F1000Research 2016, 5(ISCB Comm J):2464 Last updated: 06 OCT 2016


The 2016 Bioinformatics Open Source Conference (BOSC) [version 1; referees: not peer reviewed] Nomi L. Harris1, Peter J.A. Cock2, Brad Chapman3, Christopher J. Fields4, Karsten Hokamp5, Hilmar Lapp6, Monica Muñoz-Torres1, Heather Wiencko7 1Lawrence Berkeley National Laboratory, Berkeley, CA, 94720, USA 2The James Hutton Institute, Dundee, DD2 5DA, UK 3Bioinformatics Core, Harvard T.H. Chan School of Public Health, Boston, MA, 02115, USA 4High Performance Computing in Biology Group, Carver Biotechnology Center, University of Illinois Urbana-Champaign, Urbana, IL, 61801,

USA 5Smurfit Institute of Genetics, Trinity College Dublin, Dublin 2, Ireland 6Center for Genomic and Computational Biology, Duke University, Durham, NC, 27708, USA 7Plusvital, NovaUCD, Belfield, Dublin 4, Ireland


First published: 06 Oct 2016, 5(ISCB Comm J):2464 (doi: 10.12688/f1000research.9663.1)

Not Peer Reviewed

Latest published: 06 Oct 2016, 5(ISCB Comm J):2464 (doi: 10.12688/f1000research.9663.1)

This article is an Editorial and has not been subject to external peer review.

Abstract Message from the ISCB: The Bioinformatics Open Source Conference (BOSC) is a yearly meeting organized by the Open Bioinformatics Foundation (OBF), a non-profit group dedicated to promoting the practice and philosophy of Open Source software development and Open Science within the biological research community. BOSC has been run since 2000 as a two-day Special Interest Group (SIG) before the annual ISMB conference. The 17th annual BOSC ( http://www.open-bio.org/wiki/BOSC_2016) took place in Orlando, Florida in July 2016. As in previous years, the conference was preceded by a two-day collaborative coding event open to the bioinformatics community. The conference brought together nearly 100 bioinformatics researchers, developers and users of open source software to interact and share ideas about standards, bioinformatics software development, and open and reproducible science.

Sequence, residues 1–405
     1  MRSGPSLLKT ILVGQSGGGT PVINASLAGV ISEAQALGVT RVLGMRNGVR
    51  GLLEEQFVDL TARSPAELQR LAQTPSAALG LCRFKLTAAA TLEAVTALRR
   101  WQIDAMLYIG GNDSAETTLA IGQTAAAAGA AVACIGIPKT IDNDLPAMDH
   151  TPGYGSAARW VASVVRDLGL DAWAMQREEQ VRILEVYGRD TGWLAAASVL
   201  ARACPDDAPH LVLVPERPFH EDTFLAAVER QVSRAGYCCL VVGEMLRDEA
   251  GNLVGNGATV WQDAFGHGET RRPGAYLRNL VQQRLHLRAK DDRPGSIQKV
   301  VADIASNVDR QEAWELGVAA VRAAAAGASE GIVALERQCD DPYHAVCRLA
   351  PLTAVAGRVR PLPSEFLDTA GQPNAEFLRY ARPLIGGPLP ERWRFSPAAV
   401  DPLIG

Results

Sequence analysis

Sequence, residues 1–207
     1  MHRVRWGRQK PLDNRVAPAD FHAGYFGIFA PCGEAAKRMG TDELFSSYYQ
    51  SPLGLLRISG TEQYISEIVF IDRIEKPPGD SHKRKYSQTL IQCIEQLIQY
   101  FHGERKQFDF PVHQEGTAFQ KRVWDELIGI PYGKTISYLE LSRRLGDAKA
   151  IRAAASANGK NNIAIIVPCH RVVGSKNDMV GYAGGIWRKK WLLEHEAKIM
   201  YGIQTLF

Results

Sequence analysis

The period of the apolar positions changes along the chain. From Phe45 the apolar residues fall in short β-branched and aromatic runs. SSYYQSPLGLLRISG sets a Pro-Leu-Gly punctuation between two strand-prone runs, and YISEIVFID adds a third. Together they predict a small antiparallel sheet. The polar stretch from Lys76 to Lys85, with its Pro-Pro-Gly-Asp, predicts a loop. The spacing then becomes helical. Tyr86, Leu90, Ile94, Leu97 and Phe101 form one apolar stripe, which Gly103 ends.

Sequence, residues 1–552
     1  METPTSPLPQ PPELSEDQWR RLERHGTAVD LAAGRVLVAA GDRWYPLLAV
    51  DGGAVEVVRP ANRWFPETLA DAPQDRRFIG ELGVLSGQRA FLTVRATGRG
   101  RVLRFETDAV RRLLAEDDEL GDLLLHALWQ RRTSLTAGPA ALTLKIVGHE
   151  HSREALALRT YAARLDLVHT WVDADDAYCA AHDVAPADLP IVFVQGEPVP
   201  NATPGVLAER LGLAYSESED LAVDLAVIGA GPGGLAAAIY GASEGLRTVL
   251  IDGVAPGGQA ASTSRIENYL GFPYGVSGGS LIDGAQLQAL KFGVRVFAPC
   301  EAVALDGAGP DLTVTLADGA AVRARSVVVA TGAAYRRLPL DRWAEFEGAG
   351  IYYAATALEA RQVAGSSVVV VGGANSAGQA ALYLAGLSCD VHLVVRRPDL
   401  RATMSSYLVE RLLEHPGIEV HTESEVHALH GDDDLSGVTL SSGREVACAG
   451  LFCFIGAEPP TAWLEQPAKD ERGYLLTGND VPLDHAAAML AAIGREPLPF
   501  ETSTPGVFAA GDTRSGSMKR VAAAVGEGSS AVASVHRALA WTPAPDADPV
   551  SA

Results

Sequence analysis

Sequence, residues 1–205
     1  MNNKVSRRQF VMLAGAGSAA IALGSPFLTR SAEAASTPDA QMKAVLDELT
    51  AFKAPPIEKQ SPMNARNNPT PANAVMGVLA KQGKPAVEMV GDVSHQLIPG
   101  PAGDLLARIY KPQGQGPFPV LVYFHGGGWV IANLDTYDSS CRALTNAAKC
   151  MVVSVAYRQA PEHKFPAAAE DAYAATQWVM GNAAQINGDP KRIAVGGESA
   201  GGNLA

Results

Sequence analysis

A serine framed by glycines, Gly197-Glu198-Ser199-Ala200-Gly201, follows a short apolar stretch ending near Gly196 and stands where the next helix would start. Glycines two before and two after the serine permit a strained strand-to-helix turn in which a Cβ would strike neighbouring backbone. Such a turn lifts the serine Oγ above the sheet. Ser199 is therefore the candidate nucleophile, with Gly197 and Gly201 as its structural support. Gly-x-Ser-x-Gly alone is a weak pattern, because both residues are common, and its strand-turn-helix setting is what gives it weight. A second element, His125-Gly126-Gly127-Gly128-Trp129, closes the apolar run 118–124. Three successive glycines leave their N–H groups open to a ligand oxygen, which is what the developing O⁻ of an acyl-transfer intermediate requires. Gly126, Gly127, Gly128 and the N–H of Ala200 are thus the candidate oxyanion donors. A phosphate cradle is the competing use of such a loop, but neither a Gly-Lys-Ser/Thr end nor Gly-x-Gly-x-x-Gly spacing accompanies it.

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F1000Research 2016, 5(ISCB Comm J):2464 Last updated: 06 OCT 2016

Corresponding author: Nomi L. Harris ([email protected]) How to cite this article: Harris NL, Cock PJA, Chapman B et al. The 2016 Bioinformatics Open Source Conference (BOSC) [version 1; referees: not peer reviewed] F1000Research 2016, 5(ISCB Comm J):2464 (doi: 10.12688/f1000research.9663.1) Copyright: © 2016 Harris NL et al. This is an open access article distributed under the terms of the Creative Commons Attribution Licence, which permits unrestricted use, distribution, and reproduction in any medium, provided the original work is properly cited. Grant information: The author(s) declared that no grants were involved in supporting this work. Competing interests: No competing interests were disclosed. First published: 06 Oct 2016, 5(ISCB Comm J):2464 (doi: 10.12688/f1000research.9663.1)